Cahuita NP3 Read more

final hurrah

One of three medieval city-states in the Kathmandu Valley, Bhaktapur is the best preserved. Though the city sustained heavy damage during the 2015 earthquake that rocked Nepal, most of Bhaktapur’s numerous temples and historical buildings survived largely intact. Bhaktapur’s other chief attraction is its proximity to Nepal’s capital city. To the extent that navigating Kathmandu’s legendary traffic can be termed easy, Bhaktapur, located a mere dozen kilometers from the Kathmandu airport, is an easy drive away.

pagoda Read more

WOW birds

A picture may be worth a thousand words, but no amount of pictures can ever come close to approximating the experience of seeing something for oneself. Therein lies the primary and heretofore insurmountable challenge in D’s quest to win over S to bird watching.

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summer vacation hell

Remember summer vacation? How liberating it felt to hand in one’s last exam scantron or final essay and walk out of a stuffy classroom into a glorious summer day that would stretch for several months. Put away the schoolbooks, shelve academic responsibilities, and savor every moment of pure freedom, right? Well, that was then. From our current vantage point, trying to work while handling two young pandemic-addled children who don’t speak the local language, have few friends, and are still getting accustomed to a new country, summer vacation is pure hell. It can’t end soon enough.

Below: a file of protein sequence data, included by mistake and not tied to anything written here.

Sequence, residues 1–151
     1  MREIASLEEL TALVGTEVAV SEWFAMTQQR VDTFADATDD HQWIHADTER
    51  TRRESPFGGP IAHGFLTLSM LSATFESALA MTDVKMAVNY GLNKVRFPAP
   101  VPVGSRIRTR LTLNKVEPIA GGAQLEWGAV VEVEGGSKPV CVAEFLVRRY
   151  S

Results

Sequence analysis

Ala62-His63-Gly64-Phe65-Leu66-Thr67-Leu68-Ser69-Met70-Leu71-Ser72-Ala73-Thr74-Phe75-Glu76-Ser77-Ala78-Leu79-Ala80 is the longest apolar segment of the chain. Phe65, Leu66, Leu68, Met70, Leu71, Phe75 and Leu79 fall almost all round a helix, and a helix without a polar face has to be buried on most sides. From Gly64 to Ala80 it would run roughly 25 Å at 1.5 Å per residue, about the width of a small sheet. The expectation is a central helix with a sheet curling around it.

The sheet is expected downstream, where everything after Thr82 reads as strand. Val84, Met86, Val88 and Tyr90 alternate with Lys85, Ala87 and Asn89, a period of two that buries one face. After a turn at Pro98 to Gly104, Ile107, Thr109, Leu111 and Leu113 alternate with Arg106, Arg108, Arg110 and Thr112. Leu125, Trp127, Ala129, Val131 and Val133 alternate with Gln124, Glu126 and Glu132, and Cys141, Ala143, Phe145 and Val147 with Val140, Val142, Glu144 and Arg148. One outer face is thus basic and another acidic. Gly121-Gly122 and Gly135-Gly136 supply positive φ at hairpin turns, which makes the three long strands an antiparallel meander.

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flying faeries

After a couple adventure-filled birding outings to close out his visit to India, D put away his camera on arrival to Nepal. The Kathmandu portion of his work itinerary was even more jam-packed than the days in Delhi had been, and there was nowhere to go for brief early morning birdwatching because Kathmandu lacks the lush greenery and parks that abound in Delhi. Arriving in Pokhara for the final leg of his three-week trip, D was excited for the opportunity to sneak in a few more nature outings before returning home.

plumbeous redstart3 Read more

Himalayan high life

Of all the places D visited on his whirlwind three-week tour of South Asia last month, the one that most captured his heart and his imagination is Pokhara. Nepal’s gateway to the Annapurna circuit, which is widely considered to be among the most beautiful treks on the planet, Pokhara has a lot to offer the adventurous visitor. What put it over the top in D’s book is that there is also plenty to see and do even if one doesn’t have the time or stamina to head into the mountains for a two-week trek. In D’s case, he barely had one day to sample Pokhara’s delights; as with his free day in Delhi, D packed as much adventure as he could into his limited non-work time in the Himalayas.

Annapurna Read more